The art of weaving runs deep in the roots of the Hyatt family. When she was eighteen years old, Emily Hyatt learned to weave from an instructor on the Cherokee Indian Reservation. She passed her love of weaving to her daughter, Victoria Hyatt Sowers who has been weaving since she was eight years old.
Since 1998, Emily and Victoria have been known professionally as Sandy Creek Weavers. On historic utilitarian looms they create contemporary works of art. Their specialties are rugs, tapestries, wall hangings and memorial weavings. Their work can be found from New York to Florida in homes, galleries, banks, even a congressional office.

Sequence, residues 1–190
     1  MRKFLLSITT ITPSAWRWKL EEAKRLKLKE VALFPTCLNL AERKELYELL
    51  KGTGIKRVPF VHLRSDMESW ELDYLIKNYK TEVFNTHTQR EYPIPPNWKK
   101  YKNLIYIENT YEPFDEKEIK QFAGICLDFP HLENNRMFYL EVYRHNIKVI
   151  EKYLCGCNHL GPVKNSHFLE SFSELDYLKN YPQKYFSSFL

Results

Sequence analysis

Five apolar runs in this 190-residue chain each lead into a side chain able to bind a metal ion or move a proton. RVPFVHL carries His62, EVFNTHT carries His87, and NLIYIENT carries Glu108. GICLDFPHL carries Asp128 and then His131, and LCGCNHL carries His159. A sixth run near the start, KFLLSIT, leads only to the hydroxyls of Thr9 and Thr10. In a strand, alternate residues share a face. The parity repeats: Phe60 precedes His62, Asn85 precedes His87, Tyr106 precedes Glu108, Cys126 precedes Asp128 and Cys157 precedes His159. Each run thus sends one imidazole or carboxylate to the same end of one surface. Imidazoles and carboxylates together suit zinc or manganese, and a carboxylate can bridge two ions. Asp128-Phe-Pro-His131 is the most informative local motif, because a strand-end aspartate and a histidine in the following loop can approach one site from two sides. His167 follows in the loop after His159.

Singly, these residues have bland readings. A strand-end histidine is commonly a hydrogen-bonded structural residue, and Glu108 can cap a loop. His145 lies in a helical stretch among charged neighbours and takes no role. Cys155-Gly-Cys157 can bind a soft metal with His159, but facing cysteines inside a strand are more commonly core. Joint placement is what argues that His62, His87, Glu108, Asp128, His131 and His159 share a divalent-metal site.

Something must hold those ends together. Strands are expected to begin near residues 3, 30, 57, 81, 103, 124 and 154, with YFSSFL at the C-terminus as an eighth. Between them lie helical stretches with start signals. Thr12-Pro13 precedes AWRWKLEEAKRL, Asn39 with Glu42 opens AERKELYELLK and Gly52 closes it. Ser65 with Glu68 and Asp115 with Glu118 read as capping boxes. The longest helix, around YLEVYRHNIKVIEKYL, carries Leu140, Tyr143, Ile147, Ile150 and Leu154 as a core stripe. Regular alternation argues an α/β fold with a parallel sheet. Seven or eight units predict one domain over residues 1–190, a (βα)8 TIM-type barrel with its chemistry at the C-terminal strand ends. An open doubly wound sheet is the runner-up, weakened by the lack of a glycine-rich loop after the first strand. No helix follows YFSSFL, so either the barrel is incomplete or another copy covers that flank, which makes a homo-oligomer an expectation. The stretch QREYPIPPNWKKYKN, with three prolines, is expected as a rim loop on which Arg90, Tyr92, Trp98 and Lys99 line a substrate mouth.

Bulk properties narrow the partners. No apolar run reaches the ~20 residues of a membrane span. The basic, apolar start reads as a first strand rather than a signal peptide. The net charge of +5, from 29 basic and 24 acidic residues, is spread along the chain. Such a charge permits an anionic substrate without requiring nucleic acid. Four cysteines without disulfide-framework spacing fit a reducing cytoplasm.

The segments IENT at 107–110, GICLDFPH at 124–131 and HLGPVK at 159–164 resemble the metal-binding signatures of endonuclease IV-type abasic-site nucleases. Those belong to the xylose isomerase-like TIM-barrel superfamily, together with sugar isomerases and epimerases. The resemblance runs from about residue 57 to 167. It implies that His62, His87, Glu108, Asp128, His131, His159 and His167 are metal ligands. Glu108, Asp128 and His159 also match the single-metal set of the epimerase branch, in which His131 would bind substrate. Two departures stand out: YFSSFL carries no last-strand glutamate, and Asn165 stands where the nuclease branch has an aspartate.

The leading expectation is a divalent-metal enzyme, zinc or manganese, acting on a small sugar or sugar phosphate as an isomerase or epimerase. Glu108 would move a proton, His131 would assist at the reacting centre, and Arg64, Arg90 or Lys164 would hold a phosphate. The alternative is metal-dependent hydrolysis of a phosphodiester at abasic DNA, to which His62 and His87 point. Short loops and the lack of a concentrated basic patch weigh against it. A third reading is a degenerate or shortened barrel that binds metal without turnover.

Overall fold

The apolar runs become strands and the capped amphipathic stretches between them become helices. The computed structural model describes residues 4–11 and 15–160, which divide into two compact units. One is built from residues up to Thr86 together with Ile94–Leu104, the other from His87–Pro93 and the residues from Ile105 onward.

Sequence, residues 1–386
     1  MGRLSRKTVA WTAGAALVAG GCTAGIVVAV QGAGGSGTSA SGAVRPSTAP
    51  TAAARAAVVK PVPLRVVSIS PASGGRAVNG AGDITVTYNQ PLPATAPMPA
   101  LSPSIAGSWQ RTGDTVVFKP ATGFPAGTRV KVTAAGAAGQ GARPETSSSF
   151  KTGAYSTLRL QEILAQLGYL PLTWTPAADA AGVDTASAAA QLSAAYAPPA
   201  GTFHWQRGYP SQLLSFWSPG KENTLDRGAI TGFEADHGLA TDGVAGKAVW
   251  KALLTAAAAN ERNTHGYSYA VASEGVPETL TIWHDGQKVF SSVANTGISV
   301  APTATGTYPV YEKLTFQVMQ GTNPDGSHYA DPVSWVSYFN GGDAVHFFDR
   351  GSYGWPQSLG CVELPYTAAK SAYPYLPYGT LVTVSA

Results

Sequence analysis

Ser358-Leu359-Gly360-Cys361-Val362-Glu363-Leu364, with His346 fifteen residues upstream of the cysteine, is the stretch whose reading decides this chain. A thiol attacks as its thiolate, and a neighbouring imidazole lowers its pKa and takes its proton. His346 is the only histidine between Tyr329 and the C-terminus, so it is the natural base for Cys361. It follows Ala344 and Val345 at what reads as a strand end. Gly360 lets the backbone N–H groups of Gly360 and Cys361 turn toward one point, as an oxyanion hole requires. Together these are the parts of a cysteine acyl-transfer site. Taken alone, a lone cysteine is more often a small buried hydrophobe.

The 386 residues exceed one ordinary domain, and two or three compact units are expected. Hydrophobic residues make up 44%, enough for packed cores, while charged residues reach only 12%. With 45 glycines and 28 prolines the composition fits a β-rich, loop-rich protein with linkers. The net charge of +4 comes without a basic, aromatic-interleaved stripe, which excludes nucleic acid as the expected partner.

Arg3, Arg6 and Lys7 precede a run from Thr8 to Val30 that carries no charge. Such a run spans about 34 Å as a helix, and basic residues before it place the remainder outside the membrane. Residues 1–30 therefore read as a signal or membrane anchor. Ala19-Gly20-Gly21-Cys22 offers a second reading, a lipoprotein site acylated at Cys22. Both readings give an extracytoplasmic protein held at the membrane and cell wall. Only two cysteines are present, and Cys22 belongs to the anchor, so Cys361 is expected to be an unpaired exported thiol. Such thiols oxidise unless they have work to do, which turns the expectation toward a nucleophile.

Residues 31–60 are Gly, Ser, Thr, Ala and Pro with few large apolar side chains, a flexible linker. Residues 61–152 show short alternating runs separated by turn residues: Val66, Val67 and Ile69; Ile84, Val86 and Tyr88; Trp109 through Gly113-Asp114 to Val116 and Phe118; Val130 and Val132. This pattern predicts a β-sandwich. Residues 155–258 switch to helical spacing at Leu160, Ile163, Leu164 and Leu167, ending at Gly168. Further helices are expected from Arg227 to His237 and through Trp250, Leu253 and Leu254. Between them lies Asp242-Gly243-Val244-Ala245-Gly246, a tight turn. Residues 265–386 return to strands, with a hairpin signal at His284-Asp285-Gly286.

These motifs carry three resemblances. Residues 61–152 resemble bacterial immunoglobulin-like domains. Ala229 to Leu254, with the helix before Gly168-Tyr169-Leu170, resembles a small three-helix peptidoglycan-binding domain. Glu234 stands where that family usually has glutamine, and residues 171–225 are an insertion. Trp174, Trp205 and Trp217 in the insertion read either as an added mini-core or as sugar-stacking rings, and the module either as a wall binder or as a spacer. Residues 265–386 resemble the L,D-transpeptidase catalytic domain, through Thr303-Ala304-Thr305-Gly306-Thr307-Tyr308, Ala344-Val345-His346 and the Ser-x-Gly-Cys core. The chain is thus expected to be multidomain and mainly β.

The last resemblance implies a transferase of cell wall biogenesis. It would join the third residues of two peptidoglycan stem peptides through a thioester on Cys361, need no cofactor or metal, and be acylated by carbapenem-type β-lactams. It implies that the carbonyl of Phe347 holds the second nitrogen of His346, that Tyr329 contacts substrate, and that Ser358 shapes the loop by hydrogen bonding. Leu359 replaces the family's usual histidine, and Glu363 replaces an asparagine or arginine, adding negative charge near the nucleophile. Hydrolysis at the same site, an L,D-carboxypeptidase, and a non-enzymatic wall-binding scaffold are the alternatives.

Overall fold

Emily and Victoria are renowned throughout the Southeastern U.S. for their school and community hands on weaving residencies which “capture time in a tapestry”. The residency is their unique approach to “story telling” through tapestry making on a 200 year old antique floor loom the same way boys and girls and adults their age wove on the same loom 200 years ago.
“The overarching goal of the residency is to keep alive an ancient art form and help students and adults make connections with weaving through art, math, history, language arts, social studies and craftsmanship” All will bring a personal item to weave into the large tapestry called “A Fabric Time Capsule” representing who they are this time in their life which is left on permanent display.
They have received numerous grants from the NC State Department of Cultural Resources including support for a one woman show of Emily’s work titled Looming Identity which explored the symbolism of fiber in identity. Their work has been featured in Southern Living and Handwoven magazines.